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Why open development is still important

Updated: 2016-10-29 09:04
By Robert Lawrence Kuhn (China Daily)

Why open development is still important

The name plate of the China (Shanghai) Pilot Free Trade Zone on a gate of the Waigaoqiao free trade zone in Shanghai. [Photo provided for China Daily]

Why is "Open Development" the fourth of the Five Major Development Concepts-President Xi Jinping's guiding strategy to transform China's economy and society-when "opening-up" has been the core of China's policy for almost four decades?

In the 1980s, opening-up meant allowing overseas capital to manufacture low-cost products with cheap labor. Now that China has become the world's second-largest economy, but faces complex structural problems such as industrial overcapacity and higher labor costs, a new kind of opening-up is required.

What exemplifies China's new kind of opening-up? Free trade zones, the Belt and Road Initiative and Chinese companies going abroad.

I visited Shanghai to explore China's first free trade zone, established in 2013. What's the FTZ's impact on opening-up? I met the then chairman of the China (Shanghai) Pilot Free Trade Zone, Shen Xiaoming, also secretary of the Party's Pudong committee (he is now deputy Party secretary, Ministry of Education). I began by asking: Why are we still taking about "opening-up" when reform and opening-up started in 1978, 38 years ago?

"The same wording conveys different meanings today," Shen said, offering four aspects. "First, in 1978, 'opening-up' went in only one direction: we were only bringing in, not going out. Today, we both bring in and go out-two directions. Second, our original 'opening-up' meant importing overseas capital. Today, opening-up includes technology, trade facilitation, financial system reform, and more. Third, we used to depend on cheap labor and attracting overseas companies. Today, we forge our competitiveness in trade and systems. Fourth, opening-up back then was under strict government regulation. Today, the market plays a decisive role."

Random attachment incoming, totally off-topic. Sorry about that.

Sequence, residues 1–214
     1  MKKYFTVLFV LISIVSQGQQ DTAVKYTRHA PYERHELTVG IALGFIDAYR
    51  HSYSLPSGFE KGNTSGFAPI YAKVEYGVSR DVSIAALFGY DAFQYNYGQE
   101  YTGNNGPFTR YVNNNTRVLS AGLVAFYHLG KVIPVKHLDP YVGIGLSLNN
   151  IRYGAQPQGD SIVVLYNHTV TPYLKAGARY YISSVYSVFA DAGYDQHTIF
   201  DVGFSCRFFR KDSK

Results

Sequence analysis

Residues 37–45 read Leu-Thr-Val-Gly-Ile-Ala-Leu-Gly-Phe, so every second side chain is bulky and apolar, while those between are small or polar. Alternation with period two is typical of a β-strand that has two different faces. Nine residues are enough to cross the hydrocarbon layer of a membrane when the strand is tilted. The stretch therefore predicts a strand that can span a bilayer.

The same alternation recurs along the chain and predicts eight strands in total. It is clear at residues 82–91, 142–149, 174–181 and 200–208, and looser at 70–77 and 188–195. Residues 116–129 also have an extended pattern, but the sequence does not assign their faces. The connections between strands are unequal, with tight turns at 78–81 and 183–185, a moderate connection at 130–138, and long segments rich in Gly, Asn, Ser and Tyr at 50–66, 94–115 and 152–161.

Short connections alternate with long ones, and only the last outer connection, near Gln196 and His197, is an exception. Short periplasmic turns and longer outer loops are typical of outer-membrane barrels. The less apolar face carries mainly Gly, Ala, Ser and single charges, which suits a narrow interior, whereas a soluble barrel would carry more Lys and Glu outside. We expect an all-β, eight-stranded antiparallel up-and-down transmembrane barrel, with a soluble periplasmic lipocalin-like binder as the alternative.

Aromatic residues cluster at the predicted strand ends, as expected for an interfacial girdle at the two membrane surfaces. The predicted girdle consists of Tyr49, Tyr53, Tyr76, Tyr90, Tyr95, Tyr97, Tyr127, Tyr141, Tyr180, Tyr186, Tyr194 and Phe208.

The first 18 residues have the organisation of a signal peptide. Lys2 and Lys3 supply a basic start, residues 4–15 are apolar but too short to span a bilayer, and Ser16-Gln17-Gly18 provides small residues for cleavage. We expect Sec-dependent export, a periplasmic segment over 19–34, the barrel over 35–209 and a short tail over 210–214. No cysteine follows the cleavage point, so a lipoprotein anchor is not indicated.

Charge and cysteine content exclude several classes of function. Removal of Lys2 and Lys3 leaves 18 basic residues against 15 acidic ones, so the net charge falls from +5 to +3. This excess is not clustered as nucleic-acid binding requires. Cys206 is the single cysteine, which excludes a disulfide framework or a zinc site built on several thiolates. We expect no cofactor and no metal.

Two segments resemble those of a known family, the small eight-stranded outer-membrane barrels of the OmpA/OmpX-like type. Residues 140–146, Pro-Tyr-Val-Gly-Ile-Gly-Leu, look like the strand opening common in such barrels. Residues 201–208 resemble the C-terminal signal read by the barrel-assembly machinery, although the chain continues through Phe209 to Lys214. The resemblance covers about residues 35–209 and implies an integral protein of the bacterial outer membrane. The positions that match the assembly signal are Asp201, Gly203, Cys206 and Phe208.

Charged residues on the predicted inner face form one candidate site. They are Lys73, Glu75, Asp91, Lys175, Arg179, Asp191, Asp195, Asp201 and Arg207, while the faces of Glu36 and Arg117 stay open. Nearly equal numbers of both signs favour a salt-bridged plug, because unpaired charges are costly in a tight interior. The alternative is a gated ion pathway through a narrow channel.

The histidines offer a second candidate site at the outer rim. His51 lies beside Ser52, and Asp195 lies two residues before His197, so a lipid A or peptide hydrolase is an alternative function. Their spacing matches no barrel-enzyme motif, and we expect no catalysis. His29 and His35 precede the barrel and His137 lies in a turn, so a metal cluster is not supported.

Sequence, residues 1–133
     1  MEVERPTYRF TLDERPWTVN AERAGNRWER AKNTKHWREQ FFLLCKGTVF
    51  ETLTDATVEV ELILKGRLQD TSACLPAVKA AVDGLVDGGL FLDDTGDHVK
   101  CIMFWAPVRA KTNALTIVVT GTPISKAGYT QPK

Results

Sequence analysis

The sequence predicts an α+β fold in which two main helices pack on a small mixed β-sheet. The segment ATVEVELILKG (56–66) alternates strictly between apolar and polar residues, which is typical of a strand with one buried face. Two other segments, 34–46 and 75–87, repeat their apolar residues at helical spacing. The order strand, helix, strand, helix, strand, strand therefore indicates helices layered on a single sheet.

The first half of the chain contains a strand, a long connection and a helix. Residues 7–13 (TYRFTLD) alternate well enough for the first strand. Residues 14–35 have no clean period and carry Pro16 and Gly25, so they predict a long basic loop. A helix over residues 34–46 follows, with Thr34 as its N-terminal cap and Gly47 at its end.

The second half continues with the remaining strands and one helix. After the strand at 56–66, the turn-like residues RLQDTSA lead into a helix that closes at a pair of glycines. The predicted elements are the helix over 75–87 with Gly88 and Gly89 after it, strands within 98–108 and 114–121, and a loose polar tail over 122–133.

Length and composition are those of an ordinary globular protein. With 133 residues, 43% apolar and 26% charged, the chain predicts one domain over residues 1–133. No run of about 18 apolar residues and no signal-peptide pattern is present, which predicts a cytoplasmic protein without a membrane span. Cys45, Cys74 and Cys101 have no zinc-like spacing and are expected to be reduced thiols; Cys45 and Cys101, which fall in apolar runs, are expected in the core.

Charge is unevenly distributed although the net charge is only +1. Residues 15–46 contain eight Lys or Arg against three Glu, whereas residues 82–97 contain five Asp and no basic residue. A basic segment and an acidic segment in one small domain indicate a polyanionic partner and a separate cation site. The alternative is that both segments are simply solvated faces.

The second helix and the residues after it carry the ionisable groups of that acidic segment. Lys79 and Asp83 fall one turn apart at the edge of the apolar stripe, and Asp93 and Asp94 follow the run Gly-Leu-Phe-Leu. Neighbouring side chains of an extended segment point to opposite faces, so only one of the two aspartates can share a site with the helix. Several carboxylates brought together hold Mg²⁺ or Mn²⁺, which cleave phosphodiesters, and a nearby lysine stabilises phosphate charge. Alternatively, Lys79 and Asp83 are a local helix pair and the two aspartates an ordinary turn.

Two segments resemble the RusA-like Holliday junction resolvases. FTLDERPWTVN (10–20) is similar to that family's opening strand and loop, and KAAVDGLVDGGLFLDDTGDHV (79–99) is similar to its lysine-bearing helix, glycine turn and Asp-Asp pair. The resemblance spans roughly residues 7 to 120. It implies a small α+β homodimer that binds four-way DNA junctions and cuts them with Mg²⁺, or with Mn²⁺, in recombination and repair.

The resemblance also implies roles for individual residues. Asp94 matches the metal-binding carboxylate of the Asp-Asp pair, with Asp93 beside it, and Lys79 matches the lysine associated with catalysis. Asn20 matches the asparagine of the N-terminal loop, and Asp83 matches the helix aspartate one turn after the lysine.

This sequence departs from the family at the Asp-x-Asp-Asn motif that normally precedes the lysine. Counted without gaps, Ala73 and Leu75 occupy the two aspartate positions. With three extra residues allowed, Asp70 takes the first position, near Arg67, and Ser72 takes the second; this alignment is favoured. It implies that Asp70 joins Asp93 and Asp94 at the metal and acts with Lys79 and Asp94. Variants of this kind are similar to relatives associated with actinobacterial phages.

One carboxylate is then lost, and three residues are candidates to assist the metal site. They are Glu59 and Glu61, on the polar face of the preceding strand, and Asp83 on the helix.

I asked Shen how the Shanghai FTZ exemplifies opening-up?

"The very core of an FTZ is to open up," he said. "We push for more reform through opening-up. For example, the concept of a 'negative list'-where the government specifies industry categories that are not allowed and you can do whatever you like as long as it is not on the list. The FTZ needs to be the 'ice-breaker': make breakthroughs and solve problems that used to seem unsolvable. The central government uses the FTZ as a 'field test' for new policies and a 'pressure tester' for international rules that may not work in China."

In 2015, China's foreign trade topped 24 trillion yuan ($3.54 trillion), unimaginable during the original opening-up. Now new FTZs have been established in Tianjin (for Beijing and Tianjin municipalities, and Hebei province), Guangdong province (coordinating with Hong Kong and Macao) and Fujian province (trade with Taiwan, the 21st Century Maritime Silk Road). More FTZs are in the works in six provinces and Chongqing municipality.

At the same time, China is building new models for international cooperation. In Xi's Belt and Road Initiative, China works with other developing countries, including some of the least-developed countries, to form a community of common interests seeking mutual prosperity. Building infrastructure is fundamental-roads, high-speed rail, seaports, airports, power plants and telecommunications. These are what developing countries need and this is where Chinese companies can compete. Leveraging domestic experience and economies of scale, China offers quality construction, reasonable prices, attractive financing and rapid timetables.

China is also opening up, when Chinese companies purchase foreign companies, acquiring technology, management, brands, markets and channels of distribution.

China is not further opening up to please foreigners. It is doing so as a domestic necessity. Today opening-up means much more than it meant three decades ago; it now means making it easier, faster and better to do all kinds of business.

Opening-up also means foreign companies should enter more industries in China, and have fewer restrictions, so that intensified market competition will pressure Chinese companies to innovate and improve. The ultimate winners? Chinese consumers!

In short, China's new kind of opening-up means expanding the mind and enabling China's economic transformation.

The author is a public intellectual, political/economics commentator, and an international corporate strategist. He is also host of Closer to China with R.L. Kuhn, a weekly show on CCTV News (Sundays 9:30 am and 9:30 pm).

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